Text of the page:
On July 13 one hundred supporters joined Indigenous mothers and grandmothers from Grassy Narrows in a blockade of the Trans-Canada highway to slow the destruction of Grassy Narrows’ forests and culture by Weyerhaeuser and Abitibi corporations. Two months later, Chrissy Swain from Grassy Narrows joined RAN interns and activists at the Provincial Legislature to welcome the politicians back to work and to put Grassy Narrows and Boreal Forest issues on the top of their priority list. Here is Christine’s (a.k.a. tripod woman) account of the action:
September 25th 2006
I woke up Monday morning in an unfinished house at the Caledonia reclamation site. I was there to transport Chrissy Swain and a few other First Nations activists to the demo at Queen’s Park. The group of RAN and FE interns had chosen this day for our next action after being arrested and banned from the district of Kenora for blockading a logging road used by Weyerhaeuser to access Grassy Narrows traditional landuse area almost two months earleir. I was excited to reconnect with the Toronto group of activists who I hadn’t seen since then.
In the trunk we had half a dozen “for sale” signs that we planned to affix to the great old oaks on the lawn of the provincial legilature, known to most Ontarian’s as Queen park. As we arrived on the scene a bit past our start time of noon, there were at least two other demonstrations occuring on the site. Our group, numbering about 30 was spread accross the pathway and various monuments of the legislature lawn. We are displaying banners which say “Boreal destruction = Cultural Genocide” and “Boreal Protection Starts Here” Others hold ugly pictures of clearcuts mounted on recycled paper board and signs that say “protect mother earth” or ” respect native rights”.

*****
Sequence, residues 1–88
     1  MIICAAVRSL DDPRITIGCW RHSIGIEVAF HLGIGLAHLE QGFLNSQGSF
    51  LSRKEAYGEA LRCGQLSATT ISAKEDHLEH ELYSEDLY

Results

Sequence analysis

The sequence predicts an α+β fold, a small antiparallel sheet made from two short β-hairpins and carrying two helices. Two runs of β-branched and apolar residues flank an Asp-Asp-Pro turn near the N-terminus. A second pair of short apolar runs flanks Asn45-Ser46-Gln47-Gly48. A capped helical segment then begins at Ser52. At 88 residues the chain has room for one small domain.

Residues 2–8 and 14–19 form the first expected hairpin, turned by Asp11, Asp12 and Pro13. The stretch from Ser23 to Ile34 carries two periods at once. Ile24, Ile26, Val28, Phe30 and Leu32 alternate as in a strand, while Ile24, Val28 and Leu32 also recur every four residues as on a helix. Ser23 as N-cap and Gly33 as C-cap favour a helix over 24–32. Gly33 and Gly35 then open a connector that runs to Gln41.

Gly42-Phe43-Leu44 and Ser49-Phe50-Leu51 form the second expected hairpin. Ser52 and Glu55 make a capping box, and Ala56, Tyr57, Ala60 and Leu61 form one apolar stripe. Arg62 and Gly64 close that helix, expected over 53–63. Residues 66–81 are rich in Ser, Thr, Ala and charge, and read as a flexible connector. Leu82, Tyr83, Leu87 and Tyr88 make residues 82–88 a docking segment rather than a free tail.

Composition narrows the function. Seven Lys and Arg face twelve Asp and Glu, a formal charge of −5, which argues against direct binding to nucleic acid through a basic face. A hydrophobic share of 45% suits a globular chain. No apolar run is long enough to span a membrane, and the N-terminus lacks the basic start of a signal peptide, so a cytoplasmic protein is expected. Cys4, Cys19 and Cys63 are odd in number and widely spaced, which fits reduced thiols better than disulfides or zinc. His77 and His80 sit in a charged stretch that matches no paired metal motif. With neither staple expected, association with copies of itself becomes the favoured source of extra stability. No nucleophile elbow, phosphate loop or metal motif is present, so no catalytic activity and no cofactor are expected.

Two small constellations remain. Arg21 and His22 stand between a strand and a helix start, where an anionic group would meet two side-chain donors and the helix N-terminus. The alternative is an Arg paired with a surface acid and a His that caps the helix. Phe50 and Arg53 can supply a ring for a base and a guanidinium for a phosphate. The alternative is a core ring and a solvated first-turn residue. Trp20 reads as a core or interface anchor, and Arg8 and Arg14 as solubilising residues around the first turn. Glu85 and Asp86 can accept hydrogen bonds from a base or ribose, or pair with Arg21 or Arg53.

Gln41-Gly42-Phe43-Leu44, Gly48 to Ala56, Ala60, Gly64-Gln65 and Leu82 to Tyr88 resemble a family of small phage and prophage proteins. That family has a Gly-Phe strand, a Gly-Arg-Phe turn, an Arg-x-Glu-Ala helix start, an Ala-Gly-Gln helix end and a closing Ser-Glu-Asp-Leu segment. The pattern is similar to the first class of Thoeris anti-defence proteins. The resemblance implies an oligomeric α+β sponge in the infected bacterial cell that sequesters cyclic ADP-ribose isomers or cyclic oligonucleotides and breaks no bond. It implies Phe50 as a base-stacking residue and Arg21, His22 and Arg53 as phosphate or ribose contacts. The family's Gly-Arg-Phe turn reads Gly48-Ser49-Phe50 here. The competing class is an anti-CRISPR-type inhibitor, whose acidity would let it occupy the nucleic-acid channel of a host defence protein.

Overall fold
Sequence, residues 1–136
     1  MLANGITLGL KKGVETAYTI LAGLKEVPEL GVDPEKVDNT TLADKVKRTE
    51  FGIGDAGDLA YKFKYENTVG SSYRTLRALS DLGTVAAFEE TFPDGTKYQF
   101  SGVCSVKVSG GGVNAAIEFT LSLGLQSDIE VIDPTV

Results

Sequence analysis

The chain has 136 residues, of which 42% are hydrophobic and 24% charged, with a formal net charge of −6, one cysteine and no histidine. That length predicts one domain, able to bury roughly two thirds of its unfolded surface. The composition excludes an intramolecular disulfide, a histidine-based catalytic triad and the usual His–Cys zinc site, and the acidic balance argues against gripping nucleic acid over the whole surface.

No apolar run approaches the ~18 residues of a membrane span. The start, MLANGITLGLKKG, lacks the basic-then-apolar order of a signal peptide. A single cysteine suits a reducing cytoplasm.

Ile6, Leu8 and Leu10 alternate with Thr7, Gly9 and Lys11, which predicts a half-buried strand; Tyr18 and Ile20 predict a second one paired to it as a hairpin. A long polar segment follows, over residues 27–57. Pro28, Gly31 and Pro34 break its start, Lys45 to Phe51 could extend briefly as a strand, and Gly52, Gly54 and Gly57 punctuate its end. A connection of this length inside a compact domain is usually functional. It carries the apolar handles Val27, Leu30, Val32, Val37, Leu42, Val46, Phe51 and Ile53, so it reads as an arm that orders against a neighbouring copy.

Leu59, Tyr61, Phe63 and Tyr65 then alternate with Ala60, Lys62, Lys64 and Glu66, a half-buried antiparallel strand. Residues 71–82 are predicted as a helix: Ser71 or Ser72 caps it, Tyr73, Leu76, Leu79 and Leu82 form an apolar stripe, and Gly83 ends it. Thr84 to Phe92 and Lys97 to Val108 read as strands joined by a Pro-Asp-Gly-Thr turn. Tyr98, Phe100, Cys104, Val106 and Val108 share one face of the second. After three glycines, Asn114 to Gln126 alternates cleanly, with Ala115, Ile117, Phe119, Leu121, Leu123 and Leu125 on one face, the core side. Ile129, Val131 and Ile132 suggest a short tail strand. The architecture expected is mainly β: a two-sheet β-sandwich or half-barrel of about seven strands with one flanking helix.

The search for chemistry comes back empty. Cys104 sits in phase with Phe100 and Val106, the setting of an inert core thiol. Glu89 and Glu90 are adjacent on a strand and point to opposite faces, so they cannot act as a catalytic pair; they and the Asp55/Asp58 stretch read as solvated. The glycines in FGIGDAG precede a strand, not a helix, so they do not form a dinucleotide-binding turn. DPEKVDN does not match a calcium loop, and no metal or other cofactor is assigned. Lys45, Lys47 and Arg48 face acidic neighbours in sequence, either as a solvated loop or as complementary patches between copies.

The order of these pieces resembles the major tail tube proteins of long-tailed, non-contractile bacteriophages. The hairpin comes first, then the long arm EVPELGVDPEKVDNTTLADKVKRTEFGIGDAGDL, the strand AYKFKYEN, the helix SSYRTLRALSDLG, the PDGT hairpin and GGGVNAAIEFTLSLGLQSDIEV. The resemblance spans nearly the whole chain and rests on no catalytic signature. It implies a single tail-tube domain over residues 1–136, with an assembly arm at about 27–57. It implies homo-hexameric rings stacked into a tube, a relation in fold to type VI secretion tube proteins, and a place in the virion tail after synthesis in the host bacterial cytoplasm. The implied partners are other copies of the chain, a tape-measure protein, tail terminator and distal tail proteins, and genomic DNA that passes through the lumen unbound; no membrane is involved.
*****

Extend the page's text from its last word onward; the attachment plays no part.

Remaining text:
I am approached by some security agents who are concerned that a member of our group has tied a for sale sign to a tree and this, apparantly, is strictly against the rules. They ask me to ask him to take it down. The for sale sign is there to make a point that just as we aren’t entitiled to sell and log trees on public property, the Ontario Ministry of Natural Resources has no right to sell trees to the logging companies who are profiting off the destruction of native land.
Just as I approach him to discus the sign, a circle forms and a woman, native to Toronto land, who has been offered tobacco begins the opening prayer and sings a welcoming song. Immediately after, we have an update from Caledonia by a woman named Doreen. Her words are striking and powerful as she highlights her willingness to die for the cause.
Next up is our headline speaker, Chrissy Swain, one of the women who as a youth, initiated the 4 year old Grassy Narrows Logging Blockade and continuing actions against Abitibi and Weyerhaeuser. Its great to be hanging around Chrissy again. She brings back fond memories of my summer in the Boreal taking action. “We are not militant,” says Chrissy “we are peaceful.” It is these words that stay with me in my mind and heart. I use them to remind myself that no matter what security agents might say, we are doing the right thing.
To learn more about Grassy Narrows’ resistance to Weyerhaeuser and Abitibi, go to FreeGrassy.org